[Various places, mostly South America & California: 1858]. pp. Narrow quarto journal. Quarter cloth and marbled boards, front board lacking. Leaves loose; minor wear at edges. Moderate toning and dust soiling. Accomplished in a highly legible script. Good. Item #3056
An engaging manuscript narrative of a California Gold Rush voyage, including a harrowing account of passage through the Strait of Magellan and lively descriptions various ports of call along the route. Theodore Klages left Hamilton, Ontario for California on August 17, 1858. The narrative offered here appears to be a polished version of his journal and was likely written within a year or two of his voyage.
Klages departs by train for New York, passing through Niagara Falls and stopping in Albany. He remarks early on that he is about to traverse some 15,000 miles of water and conveys the sense of danger of his coming voyage. He leaves New York on August 22 aboard the steamer Hermann with some 600 passengers. On August 30, they cross the Tropic of Cancer, and the Captain celebrates with a small display of fireworks; by September 10, they have crossed the Equator. Four days later, a quarrel breaks out and a man stabs another man three times, but the victim survives; the aggressor is “manacled & locked up to await his trial in the next Port.” On September 18, they arrive in Rio de Janeiro, 26 days after leaving New York. Here Klages offers an extended description of the city, its harbor, mountainous, and tropical surroundings. He takes daily walks through the city; visits several coffee plantations; and during a visit to a cathedral, and sees the Emperor and his wife: “All the people as he passed bowed on their knees and said a short prayer.” Klages comments at length on local society and mentions the 7-mile long city aqueduct. Along with several companions he hikes to the summit of a mountain west of the city: “It seemed to me as I stood on that mountain top as though I was looking at a new world…. It appeared like a Paradise, a vast garden of fruits and flowers.” After nine days in Rio de Janeiro, the narrative cuts, perhaps because of a missing leaf, to the Strait of Magellan where the ship is beset by “a perfect hurricane”:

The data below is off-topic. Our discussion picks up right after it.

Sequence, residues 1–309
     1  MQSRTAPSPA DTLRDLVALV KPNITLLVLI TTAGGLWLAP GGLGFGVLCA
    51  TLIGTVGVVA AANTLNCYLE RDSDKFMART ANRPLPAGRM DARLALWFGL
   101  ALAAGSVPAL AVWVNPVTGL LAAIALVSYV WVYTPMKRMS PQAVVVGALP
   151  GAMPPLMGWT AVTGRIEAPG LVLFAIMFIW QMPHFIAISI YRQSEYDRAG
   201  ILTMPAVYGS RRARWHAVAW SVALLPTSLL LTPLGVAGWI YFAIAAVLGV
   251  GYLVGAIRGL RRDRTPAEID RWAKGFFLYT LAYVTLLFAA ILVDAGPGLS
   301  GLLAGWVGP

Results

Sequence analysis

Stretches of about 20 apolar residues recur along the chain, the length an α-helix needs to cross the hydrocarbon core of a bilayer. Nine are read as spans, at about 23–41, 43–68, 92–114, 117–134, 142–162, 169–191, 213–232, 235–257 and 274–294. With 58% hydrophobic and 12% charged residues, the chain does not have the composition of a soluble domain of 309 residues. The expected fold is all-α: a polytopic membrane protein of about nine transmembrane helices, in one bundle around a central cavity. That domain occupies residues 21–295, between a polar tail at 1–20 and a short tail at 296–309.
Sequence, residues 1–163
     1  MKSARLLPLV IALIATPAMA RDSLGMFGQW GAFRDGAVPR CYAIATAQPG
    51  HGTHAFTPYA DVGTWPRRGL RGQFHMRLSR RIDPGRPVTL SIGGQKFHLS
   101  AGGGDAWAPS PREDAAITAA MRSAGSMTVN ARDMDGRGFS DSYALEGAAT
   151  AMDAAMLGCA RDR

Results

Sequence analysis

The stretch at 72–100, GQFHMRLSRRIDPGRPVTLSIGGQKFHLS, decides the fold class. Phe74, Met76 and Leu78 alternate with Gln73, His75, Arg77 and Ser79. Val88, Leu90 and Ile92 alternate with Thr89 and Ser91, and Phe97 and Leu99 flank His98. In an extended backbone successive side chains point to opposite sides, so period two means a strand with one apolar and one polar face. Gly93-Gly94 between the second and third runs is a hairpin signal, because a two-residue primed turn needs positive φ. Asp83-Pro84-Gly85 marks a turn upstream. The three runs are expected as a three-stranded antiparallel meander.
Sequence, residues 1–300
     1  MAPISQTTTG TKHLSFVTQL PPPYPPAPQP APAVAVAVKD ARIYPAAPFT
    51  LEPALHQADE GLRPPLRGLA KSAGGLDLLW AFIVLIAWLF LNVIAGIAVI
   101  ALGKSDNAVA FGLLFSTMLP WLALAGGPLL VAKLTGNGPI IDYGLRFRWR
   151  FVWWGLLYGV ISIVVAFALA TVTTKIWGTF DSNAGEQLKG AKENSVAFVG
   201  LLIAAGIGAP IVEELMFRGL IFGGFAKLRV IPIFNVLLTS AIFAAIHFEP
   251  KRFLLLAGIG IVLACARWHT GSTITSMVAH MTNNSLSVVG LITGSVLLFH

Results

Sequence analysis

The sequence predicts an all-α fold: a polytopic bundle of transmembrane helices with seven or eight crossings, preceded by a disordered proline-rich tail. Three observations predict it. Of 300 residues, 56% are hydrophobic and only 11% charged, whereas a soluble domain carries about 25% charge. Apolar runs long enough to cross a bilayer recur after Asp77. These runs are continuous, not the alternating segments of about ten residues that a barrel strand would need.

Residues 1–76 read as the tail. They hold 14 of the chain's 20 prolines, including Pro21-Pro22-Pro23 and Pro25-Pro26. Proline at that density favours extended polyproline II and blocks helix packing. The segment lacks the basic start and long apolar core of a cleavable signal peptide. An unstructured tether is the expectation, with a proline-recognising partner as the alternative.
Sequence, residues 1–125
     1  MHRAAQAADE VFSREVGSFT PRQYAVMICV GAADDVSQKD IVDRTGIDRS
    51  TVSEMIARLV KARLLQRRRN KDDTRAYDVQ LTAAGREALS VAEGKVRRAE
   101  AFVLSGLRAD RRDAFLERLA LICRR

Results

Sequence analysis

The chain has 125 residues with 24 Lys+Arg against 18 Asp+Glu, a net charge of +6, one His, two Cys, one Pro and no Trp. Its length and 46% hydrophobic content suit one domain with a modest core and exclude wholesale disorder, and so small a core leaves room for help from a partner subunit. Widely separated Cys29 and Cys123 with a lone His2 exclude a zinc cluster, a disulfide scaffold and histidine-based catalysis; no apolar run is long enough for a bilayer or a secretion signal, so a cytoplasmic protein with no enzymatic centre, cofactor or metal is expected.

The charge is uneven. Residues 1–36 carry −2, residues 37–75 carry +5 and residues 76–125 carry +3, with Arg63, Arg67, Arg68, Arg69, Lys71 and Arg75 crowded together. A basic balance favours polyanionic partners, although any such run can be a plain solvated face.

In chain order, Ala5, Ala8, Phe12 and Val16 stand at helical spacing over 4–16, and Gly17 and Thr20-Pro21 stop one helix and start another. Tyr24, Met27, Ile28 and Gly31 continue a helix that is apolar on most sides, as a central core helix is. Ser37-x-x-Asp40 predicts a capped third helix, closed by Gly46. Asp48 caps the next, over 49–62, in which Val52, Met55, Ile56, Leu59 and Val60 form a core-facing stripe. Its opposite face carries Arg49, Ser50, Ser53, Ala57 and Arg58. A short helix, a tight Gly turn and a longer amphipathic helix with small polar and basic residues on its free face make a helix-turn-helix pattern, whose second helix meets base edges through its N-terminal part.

"We arrived at the mouth. The night was dark as pitch. The sea running high and dashing furiously against the distant rocks resembling the roar of artillery. We had still one dangerous place to pass… a number of rocks known as the Judges & Apostles, many of which are just below the surface of the water while others extend from twenty to 200 feet out of the ocean. Many a poor marine has had to make this place his resting place…. At each lightning flash we could discern the rocks. Showing their fearful sides and expecting momentarily to be dashed against them. They being not more than a hundred yards to our side…. Some of the passengers were praying, some crying, singing and others cursing, the last of which most resorted to. In that moment how many thought of those dear ones whom they had left behind, never to be seen by them again…. At about this time part of our Wheelhouse was carried off by the sea, along with the last of our bulwarks. Our Pilot was thrown twice over the wheel, being unable to hold it. The steamer was beginning to become unmanageable…. Had anything happened to the engine during this gale we all should have been lost. No one would have been saved to have told the tale of our ship wreck…. The storm continued all night, but towards morning it began to abate, so that we were able to make from three to four miles per hour. The whole ocean looked like a sheet of foam, and the waves rolling mountain high and tossing our ship to and fro as though it were but an eggshell. But now we began to breathe more free, our hearts seemed to expand with the thought of being saved and the hope of making our destined harbor safely."